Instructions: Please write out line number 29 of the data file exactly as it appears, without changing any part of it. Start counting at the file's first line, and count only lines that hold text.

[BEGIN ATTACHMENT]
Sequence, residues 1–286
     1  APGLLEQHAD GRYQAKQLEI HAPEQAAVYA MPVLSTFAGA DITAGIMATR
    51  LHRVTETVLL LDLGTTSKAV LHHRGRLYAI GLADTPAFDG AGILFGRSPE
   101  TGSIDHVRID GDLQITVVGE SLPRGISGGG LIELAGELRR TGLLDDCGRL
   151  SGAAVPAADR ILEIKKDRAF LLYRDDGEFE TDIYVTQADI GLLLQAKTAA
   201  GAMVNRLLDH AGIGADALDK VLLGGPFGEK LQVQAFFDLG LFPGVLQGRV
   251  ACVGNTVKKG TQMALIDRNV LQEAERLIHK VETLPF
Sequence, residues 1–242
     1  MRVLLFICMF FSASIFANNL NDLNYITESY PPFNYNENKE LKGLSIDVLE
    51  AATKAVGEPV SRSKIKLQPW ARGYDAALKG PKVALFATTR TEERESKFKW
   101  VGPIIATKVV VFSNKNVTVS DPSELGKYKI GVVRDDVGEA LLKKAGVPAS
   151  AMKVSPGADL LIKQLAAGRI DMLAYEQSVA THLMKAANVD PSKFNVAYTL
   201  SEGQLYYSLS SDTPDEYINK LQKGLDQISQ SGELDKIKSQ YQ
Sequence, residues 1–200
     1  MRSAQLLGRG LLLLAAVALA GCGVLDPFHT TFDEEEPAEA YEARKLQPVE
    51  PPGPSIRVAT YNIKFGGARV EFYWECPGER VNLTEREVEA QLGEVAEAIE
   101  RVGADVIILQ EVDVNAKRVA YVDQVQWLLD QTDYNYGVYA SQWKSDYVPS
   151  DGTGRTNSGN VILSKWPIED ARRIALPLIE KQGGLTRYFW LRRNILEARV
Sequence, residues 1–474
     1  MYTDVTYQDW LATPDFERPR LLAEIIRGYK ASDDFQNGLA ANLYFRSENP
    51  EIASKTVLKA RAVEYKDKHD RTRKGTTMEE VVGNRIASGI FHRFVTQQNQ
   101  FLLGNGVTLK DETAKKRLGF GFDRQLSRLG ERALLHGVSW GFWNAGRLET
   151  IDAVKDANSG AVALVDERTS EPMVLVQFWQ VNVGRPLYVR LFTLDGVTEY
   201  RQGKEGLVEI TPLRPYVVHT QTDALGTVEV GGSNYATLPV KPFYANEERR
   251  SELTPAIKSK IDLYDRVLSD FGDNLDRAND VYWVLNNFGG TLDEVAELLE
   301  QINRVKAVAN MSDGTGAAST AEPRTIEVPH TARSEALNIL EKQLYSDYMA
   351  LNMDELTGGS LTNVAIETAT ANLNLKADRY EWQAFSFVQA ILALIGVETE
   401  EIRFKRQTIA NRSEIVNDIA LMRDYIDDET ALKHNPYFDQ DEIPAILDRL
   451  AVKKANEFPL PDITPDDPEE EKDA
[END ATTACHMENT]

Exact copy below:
   451  AVKKANEFPL PDITPDDPEE EKDA